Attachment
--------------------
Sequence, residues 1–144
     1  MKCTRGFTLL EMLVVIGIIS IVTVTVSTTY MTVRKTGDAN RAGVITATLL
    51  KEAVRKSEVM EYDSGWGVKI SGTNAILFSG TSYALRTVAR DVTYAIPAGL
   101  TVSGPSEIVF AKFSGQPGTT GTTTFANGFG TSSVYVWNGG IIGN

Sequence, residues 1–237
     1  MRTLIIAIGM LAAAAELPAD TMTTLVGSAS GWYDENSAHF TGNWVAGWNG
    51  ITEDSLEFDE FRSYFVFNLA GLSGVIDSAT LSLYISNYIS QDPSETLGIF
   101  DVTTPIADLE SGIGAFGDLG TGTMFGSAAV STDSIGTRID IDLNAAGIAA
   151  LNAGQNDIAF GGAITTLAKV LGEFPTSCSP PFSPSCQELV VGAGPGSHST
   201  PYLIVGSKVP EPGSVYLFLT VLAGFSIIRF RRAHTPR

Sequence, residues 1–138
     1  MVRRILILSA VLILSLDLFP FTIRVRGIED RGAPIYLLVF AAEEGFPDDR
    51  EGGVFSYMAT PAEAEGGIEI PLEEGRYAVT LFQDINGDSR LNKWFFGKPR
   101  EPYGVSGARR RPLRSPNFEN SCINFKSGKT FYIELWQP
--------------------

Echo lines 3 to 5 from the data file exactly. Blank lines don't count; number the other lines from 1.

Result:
    51  KEAVRKSEVM EYDSGWGVKI SGTNAILFSG TSYALRTVAR DVTYAIPAGL
   101  TVSGPSEIVF AKFSGQPGTT GTTTFANGFG TSSVYVWNGG IIGN

Sequence, residues 1–237